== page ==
Moral certainty has to be earned. Here's what that means.
This is a continuation of our series on learning to read the (conscience) manual. (See Part 1 on the conscience manual here; Part 2 on conscience and feelings here; Part 3 on kinds of conscience here.)
Have you heard this story before?
A man visited Niagara Falls for the first time. Awed by the majestic spread of water, height, and power, he was surprised to see a wire stretched from one end of the falls to the other. He was even more surprised when he saw a woman approach him with a wheelbarrow full of bricks.She asked him, “Do you believe that I can cross that wire with this wheelbarrow full of bricks?” He replied, “Not at all! That’s crazy!” She winked at him and said, “Watch this!”He couldn’t believe his eyes as he saw the woman get up on the wire with the wheelbarrow full of bricks. She walked right across, turned around, and came back. She asked him, “NOW do you believe that I can cross the wire with this wheelbarrow?”“Oh yes!” he said. “Now I believe!” “Do you really believe?” she asked. “Oh yes! Now I really believe!” She asked, “Do you really, really believe?” “Oh yes!” he replied. “I really, really believe!”She winked at him, emptied the wheelbarrow of bricks and said, “Fine—if you really, really believe, then YOU get in the wheelbarrow.”
I tell you this story in the context of our ongoing series about reading the conscience manual. We’ve seen that conscience—contrary to popular misunderstanding—is primarily a work of intellect and not emotion. Now we need to look at conscience in terms of certainty and doubt.
Let me take a page from business parlance and present the B.L.U.F. (“Bottom Line Up Front”): It’s not enough to take a moral action because you’re “sure” that it’s the right thing to do. You can be sure and wrong. In other words, your moral certainty has to be earned—and that earned certainty requires effort to know the truth and the cultivation of character to act on the truth. First responders say, “People don’t rise to the occasion—they fall to the level of their training.” That’s true in times of physical crisis; it’s also true in times of moral decision-making.
Conscience always has subjective and objective dimensions. Subjectively, my conscience is mine and your conscience is yours. Objectively, both you and I have an obligation to conform to the moral law, to do good and avoid evil.
Subjective and objective dimensions are also found with regard to conscience and certitude. I may be subjectively certain about the judgment of my conscience in a given case, and simultaneously objectively wrong about the judgment itself.
According to the conscience manual, in that case I have a “certain but erroneous” conscience. Likewise, I may be subjectively certain about the judgment of my conscience in a given instance, and simultaneously objectively right about the judgment itself. According to the conscience manual, I have then a “certain and correct” conscience.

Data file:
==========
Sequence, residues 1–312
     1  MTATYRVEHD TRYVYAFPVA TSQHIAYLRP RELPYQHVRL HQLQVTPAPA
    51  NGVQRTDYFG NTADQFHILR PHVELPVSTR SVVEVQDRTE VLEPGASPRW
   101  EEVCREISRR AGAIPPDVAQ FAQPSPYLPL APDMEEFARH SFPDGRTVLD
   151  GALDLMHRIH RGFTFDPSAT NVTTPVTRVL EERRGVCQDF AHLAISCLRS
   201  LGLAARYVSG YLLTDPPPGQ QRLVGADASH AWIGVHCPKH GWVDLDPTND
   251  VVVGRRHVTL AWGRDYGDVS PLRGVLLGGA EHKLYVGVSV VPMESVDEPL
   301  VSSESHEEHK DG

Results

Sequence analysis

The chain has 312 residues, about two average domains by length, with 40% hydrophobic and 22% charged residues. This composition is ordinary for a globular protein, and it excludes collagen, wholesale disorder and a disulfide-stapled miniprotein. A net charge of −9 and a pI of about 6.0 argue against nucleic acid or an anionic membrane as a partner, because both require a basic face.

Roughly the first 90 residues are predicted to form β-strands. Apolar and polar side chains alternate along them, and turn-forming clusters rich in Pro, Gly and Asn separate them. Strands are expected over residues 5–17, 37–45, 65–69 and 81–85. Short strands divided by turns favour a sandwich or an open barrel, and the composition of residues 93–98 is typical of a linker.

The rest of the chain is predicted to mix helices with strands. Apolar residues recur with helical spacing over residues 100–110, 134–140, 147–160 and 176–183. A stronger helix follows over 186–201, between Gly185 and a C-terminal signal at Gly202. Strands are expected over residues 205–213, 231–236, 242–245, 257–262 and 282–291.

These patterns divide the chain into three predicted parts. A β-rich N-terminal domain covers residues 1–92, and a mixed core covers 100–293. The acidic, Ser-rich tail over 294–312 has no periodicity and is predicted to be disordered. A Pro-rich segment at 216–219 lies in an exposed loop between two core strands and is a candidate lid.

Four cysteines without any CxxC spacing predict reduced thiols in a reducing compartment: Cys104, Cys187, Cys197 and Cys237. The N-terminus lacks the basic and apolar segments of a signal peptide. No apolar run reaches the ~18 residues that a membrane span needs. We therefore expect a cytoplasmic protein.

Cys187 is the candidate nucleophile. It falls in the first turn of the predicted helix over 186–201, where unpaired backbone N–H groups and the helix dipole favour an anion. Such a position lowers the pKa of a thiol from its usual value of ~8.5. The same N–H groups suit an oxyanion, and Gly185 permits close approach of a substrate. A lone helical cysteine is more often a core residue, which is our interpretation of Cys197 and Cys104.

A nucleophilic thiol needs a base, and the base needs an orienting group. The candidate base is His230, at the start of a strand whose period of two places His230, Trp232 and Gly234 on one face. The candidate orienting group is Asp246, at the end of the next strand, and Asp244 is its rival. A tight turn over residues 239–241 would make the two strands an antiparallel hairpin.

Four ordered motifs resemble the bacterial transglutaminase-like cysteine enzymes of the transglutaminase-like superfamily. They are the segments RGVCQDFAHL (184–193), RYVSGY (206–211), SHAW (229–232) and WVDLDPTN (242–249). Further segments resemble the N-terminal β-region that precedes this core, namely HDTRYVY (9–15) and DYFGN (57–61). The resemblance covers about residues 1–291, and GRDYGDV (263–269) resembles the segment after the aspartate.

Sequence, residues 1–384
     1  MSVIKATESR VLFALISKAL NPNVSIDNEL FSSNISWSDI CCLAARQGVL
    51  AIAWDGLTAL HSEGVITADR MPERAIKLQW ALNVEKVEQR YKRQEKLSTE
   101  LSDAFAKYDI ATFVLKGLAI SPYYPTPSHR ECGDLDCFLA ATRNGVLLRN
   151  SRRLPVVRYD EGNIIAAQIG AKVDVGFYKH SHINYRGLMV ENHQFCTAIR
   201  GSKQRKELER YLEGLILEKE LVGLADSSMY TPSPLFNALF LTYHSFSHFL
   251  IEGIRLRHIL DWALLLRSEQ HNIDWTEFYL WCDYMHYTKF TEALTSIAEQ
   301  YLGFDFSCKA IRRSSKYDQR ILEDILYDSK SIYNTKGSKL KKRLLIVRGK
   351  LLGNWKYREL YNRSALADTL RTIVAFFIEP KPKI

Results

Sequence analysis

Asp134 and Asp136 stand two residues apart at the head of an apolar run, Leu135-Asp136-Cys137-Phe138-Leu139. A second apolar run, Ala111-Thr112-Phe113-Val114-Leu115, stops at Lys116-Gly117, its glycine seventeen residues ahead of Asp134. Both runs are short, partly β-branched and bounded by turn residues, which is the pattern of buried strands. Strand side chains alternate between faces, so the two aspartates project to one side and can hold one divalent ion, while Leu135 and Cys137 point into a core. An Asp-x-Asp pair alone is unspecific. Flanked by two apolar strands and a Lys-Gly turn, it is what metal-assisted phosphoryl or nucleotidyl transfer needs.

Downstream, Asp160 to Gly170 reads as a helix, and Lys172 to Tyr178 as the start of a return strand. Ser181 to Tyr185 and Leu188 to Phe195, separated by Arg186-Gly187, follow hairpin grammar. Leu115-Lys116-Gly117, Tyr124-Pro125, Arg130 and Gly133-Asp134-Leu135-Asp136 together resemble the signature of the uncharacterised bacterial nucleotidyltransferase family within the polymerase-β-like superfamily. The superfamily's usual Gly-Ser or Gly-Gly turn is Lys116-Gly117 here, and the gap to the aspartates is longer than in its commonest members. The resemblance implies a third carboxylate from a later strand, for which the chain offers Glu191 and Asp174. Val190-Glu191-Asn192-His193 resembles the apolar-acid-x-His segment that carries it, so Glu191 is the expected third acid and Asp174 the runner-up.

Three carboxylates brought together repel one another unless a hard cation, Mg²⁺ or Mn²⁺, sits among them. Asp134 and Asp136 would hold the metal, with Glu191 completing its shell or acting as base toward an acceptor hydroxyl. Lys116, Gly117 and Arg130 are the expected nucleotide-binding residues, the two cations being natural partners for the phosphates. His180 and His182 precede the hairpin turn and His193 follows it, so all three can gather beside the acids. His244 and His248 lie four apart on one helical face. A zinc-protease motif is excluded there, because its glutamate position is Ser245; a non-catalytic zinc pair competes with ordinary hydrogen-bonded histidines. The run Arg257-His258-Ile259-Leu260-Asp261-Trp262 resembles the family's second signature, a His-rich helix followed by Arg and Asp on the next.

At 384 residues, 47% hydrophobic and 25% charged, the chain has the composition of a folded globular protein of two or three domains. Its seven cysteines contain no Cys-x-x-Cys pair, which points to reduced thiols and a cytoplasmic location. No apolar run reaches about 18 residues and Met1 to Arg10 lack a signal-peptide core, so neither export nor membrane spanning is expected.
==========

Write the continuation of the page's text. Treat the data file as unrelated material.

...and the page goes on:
A certain and correct conscience is simply a conformity of an individual’s conscience to the moral law as applied to a particular act under consideration. Consequently, a certain and correct conscience must be obeyed. A moral agent betrays himself and the moral law (which comes from God) if he does not do so.
What degree of certainty is required in order to be obliged to follow one’s certain conscience?
Here’s where the anxious and the scrupulous tie themselves in knots. Some moral issues are always black and white (e.g., always love God; never abort your children). Many moral issues are legitimately gray, and preclude the possibility of absolute certainty. As Jesuit Austin Fagothey put it: “In moral matters strict mathematical certitude (metaphysical certitude, the opposite of which is a contradiction) or even the certitude of physical events (the opposite of which would be a miracle) is not to be expected.”
Consequently, in most moral judgments, Fagothey says, “It is sufficient that the conscience be prudentially certain …,” precluding “… prudent fear that the opposite may be true, but it does not rule out imprudent fears based on bare possibilities.”
Again, borrowing some language from the business world, in the exercise of conscience, a morally mature person would exercise “due diligence.” Doing beforehand all that could reasonably be done in evaluating a moral action under consideration, a conclusion is reached that can be acted on with confidence.
And it’s worth repeating (and repeating): The work of conscience is primarily a work of the intellect, identifying moral principles and evaluating morally-relevant facts; it is not primarily an examination of how one feels about a moral action.
We’ve reviewed moral certitude—what it is and what to do with it. When I write next, I will speak of the obligation of conscience in the face of doubt. Until then, let’s keep each other in prayer.